Next House confirmed that he would be leaving his role at SCEE to take a promotion replacing Kaz Hirai as the global president and group CEO for Sony Computer Entertainment, who in turn is moving on to be chairman of the entire Sony corporation. He then took this opportunity to introduce Jim Ryan, who will be replacing him as president of SCEE, to the stage. Ryan starts by briefly thanking House for his work in Europe, before swiftly moving on to Sony’s new handheld gaming system, the PS Vita. He made the bold claim that the Vita would provide PS3 level gaming experiences on the move, with gaming the central design consideration when Sony were developing the new machine. Another video on the big screen goes over some of the key features of the Vita, such as the two versions that would be available at launch (3G enabled and non-3G), the various methods of control, and a detailed look at how the online features work. The handheld will have a fully featured social networking ability, and be completely integrated into PSN with trophies for games and party modes and friends lists and so on. The handheld is intended to be constantly connected to the internet, with Sony wanting the majority of gamers to opt for the 3G version to facilitate this.

At this point Michael Denny, senior vice president of SCE Worldwide Studios Europe, came onto the stage with Ryan to further show off the Vita. We were told that developers and studios were being offered full support from Sony, apparently having learned from the launch of the PS3, and that this would result in the strongest launch line-up of any Playstation console or handheld to date. We were then given brief demonstrations or shown trailers for some of the launch titles for the handheld, starting with Resistance: Burning Skies. Much was made of the Vita having two analog control sticks, in a veiled dig at Nintendo only including one on the 3DS, and the game looked seriously impressive. I found myself intrigued enough to want to give it a go myself, despite not being that interested in the Resistance franchise to date. All of the Vita’s tech features are used by the game in various ways, and the visuals were seriously impressive, even blown up to the size of the projector screen.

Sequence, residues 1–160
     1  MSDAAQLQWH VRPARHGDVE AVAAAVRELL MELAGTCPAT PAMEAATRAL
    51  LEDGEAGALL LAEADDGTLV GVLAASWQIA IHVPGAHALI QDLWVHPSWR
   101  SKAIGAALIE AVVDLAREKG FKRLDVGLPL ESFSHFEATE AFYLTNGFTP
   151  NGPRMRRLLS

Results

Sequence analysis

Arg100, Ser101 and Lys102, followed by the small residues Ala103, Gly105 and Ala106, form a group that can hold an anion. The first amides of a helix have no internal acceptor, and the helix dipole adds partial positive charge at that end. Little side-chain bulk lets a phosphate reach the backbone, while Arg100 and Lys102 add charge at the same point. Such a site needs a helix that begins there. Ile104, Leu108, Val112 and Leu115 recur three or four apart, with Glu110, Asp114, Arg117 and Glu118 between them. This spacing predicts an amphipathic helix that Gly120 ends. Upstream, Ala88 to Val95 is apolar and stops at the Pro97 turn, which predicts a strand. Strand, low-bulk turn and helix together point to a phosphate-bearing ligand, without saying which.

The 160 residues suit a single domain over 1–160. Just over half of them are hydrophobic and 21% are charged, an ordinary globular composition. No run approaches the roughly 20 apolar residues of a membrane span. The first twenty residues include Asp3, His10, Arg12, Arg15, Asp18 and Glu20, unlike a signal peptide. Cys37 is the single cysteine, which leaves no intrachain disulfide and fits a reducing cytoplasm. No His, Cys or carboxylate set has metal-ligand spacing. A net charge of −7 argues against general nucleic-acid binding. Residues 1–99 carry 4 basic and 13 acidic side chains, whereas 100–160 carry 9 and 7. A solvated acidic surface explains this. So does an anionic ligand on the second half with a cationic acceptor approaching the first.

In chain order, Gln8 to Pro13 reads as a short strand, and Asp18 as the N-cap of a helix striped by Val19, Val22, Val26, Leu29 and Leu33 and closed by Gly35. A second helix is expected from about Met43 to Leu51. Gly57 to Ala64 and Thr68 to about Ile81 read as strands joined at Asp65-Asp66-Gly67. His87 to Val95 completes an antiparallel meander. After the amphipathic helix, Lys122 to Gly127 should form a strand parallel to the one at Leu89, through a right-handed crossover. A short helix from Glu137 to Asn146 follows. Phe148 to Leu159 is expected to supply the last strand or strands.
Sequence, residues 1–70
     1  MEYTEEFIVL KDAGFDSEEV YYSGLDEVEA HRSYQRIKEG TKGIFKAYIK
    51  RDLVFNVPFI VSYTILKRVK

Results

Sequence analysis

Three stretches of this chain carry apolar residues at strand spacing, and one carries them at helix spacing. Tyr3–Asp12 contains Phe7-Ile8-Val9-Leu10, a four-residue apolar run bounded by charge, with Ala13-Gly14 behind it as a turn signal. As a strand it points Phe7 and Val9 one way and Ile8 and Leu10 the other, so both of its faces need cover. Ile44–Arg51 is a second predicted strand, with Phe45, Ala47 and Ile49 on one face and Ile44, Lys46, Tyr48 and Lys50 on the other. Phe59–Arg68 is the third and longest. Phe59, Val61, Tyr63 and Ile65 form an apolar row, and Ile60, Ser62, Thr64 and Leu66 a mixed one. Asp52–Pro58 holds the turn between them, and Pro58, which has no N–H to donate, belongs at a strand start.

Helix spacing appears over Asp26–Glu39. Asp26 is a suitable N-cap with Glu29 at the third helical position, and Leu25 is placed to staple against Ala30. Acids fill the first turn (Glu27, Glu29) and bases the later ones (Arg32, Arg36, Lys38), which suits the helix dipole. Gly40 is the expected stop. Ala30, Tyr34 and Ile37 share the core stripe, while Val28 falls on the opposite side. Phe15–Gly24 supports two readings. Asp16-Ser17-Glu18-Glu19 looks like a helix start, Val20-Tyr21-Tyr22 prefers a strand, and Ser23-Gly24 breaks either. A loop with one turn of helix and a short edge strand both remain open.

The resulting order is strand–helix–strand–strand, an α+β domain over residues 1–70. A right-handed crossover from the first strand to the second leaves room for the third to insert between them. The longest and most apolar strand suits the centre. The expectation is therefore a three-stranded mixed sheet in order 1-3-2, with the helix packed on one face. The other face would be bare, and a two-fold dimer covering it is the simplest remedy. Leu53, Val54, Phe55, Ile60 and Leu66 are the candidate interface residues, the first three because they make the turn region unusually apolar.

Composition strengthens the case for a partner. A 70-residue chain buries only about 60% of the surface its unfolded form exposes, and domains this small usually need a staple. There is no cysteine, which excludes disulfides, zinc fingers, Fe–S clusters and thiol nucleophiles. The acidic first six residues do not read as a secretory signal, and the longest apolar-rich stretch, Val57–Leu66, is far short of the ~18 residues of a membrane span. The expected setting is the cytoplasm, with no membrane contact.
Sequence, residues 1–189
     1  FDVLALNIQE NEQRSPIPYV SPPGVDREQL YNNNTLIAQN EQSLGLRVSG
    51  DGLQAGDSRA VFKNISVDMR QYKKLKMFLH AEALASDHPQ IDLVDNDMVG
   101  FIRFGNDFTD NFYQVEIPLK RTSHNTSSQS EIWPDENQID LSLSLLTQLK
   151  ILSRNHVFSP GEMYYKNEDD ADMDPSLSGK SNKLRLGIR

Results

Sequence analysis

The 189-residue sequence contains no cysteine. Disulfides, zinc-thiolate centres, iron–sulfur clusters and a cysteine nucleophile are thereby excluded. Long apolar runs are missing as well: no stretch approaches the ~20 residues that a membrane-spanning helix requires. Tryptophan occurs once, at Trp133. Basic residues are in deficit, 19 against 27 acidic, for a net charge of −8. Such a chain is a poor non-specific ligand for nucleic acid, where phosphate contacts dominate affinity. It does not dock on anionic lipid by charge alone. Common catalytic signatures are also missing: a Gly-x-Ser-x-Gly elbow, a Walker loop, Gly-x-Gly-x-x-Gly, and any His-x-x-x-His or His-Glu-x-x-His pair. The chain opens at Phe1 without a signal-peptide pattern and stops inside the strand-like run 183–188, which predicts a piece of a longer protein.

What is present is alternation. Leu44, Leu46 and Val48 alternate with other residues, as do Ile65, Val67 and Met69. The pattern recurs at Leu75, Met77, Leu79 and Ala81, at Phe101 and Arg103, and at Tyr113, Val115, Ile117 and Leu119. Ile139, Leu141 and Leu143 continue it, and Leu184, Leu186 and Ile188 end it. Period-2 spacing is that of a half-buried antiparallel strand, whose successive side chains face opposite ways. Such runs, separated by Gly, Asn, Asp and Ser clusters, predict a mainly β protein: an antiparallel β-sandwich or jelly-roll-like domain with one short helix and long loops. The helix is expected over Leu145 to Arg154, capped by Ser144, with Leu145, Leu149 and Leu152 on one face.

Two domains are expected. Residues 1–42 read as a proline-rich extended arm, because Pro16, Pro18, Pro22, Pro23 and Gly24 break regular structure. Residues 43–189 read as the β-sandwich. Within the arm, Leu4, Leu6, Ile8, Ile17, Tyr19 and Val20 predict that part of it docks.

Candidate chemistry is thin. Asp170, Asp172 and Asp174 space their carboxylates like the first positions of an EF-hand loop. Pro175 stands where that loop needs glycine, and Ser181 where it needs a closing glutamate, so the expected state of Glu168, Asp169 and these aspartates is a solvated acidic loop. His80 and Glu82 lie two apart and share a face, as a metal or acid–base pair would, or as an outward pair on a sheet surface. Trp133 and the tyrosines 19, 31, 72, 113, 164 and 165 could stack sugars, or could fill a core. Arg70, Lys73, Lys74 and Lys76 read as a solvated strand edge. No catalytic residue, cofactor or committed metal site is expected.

After Resistance we were also shown Little Big Planet, Reality Fighters, and Escape Plan, all of which are also first party launch titles. The Reality Fighters demo was a little bizarre in that the devs used the cameras on the Vita to create disturbingly accurate avatars of Andrew House and Jim Ryan, and then got the two to battle it out, accompanied by actual MC commentary, to see who could claim to be the more powerful SCEE president – House won, though not by a massive margin. As well as the first person titles, the conference was promised good third party support from the off, with Ubisoft having confirmed six launch titles for the Vita. Upcoming big-name franchises coming to the system shortly after launch were also touted, including Assassin’s Creed, FIFA, and Formula 1.

In a surprise move, the next announcement was that the PSP would continue to be supported, with a brand new “value” model being launched for just 99 euros. Games will also be reduced in price to 9.99, with Sony marketing the PSP as an entry level handheld. Aware of how the price of the Vita will prove off-putting to some potential customers, the plan is for the PSP to keep going to ensure those gamers don’t opt for a cheaper alternative from a rival company. The new model PSP looked a bit like a cheap South Asian knock off of a standard PSP to me, rather more cheaply plastic than before, as well as lacking wi-fi and with the stereo speakers replaced with a cheaper mono output, but it’s hard to argue with the pricing. I suspect Sony will do rather well off of it, and there is the precedent set by the slim PSOne console redesign being released alongside the PS2 and outselling it (and every other console at the time) in the first year after launch.